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Mariann Fischer Boel
Member of the European Commission responsible for agriculture and rural development
Observations on a CAP for the future
Congress of European Farmers 2008 organised by COPA/COGECA
Brussels, 30 September 2008

European Commission - SPEECH/08/472   30/09/2008

Other available languages: none

SPEECH/08/472












Mariann Fischer Boel

Member of the European Commission responsible for agriculture and rural development




Observations on a CAP for the future



















Congress of European Farmers 2008 organised by COPA/COGECA
Brussels, 30 September 2008

[Ladies and gentlemen],

First I would like to thank you for having invited me to join you today, and for being a little flexible with the programme for this Congress so that I could attend.

I should straight away apologise for the fact that I'll have to be rather brief because of my duties in the Council. To make the most of the available time, I'll speak for just a few minutes and then take questions.

In my job I often feel as if I'm juggling quite a lot of different balls in the air, and now is no exception. By walking from the Council building to the Parliament building, I'm taking a break from the world of the CAP Health Check and entering the world of the CAP after 2013. Of course, these "two" worlds are actually one and the same – but even so, there's certainly a lot of policy discussion going on at the moment!

This is one reason why I'm very grateful for the COPA-COGECA paper with its "Visions for the future of agricultural policy in Europe".

In at least two ways, you and I have the same starting-point for thinking about this future.

First, we agree that (I quote) "the future CAP should, first and foremost, enable farmers to meet EU citizens' aspirations and concerns in the face of the challenges of the 21st century".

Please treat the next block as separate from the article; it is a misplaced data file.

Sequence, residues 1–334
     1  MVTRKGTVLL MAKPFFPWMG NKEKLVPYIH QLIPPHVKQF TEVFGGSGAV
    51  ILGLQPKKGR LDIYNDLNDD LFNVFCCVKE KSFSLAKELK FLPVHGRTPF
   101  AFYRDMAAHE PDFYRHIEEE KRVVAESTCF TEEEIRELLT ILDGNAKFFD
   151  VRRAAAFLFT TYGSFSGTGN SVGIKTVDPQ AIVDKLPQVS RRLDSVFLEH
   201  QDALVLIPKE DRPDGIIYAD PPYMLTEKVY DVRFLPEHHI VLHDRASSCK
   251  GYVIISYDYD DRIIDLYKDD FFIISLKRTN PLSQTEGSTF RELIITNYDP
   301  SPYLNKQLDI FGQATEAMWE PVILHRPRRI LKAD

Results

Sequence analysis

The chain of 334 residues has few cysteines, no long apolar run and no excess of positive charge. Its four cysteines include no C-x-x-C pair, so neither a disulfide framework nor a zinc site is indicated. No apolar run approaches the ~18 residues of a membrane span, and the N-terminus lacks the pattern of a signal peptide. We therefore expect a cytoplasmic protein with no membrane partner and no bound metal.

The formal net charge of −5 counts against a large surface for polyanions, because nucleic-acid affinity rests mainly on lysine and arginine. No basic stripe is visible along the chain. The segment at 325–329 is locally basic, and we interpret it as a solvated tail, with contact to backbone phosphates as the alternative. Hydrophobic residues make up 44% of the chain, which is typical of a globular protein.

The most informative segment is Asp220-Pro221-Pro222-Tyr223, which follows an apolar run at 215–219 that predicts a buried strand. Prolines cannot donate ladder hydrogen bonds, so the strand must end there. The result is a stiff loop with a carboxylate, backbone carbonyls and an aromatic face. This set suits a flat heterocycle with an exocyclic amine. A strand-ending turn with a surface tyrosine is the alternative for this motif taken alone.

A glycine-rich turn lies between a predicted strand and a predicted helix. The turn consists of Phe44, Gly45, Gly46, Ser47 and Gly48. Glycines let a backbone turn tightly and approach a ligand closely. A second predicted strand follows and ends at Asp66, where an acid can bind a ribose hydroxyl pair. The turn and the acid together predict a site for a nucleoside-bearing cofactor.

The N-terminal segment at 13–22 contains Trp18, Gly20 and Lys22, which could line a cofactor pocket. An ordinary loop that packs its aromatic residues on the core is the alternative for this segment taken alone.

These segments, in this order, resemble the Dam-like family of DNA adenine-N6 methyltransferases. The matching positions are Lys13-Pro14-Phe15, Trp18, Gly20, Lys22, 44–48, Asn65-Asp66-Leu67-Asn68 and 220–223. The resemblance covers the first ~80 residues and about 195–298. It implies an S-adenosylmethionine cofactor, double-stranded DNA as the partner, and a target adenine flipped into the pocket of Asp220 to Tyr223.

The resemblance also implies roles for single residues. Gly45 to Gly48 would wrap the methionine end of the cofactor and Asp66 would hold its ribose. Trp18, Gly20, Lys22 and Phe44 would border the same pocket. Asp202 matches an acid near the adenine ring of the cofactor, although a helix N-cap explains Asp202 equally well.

Absolutely!

Secondly, we agree that we must set objectives for the CAP, not let policy be driven purely by budgetary questions.

If you ever read press articles claiming that I see everything through the spectacles of an accountant, don't believe them. It's true that I often warn about the political pressures which the CAP budget is under. I make no apology for this: we must be realistic. But I also believe that we must set out our stall of ideas in good time, and thereby occupy the key ground in the budget debate.

If we have no idea of what we want to do, no-one will give us the money to do it! On the other hand, if we present some good, clear thinking, and link our ideas to what the public cares about, I really believe we can have a policy which gives farmers the long-term support they need for success and prosperity.

Otherwise, there are many other points in your vision document that I like.

  • You rightly point out the importance of productivity, competitiveness and a well-functioning market.
  • You recognise the vital role of quality in the future success of European farming. (As you know, there are now only a few days to wait before the Commission publishes its Green Paper on the subject.)
  • And you acknowledge the essential work that farmers must do in looking after the land and meeting other challenges such as climate change.

To keep it short, I would like to add some thoughts of my own on just three issues that you raise.

First, the issue of "food independence".

We must be clear that "food independence" is not the only possible road to "food security" – and in the case of the European Union, I don't think it's a road that we should try to take.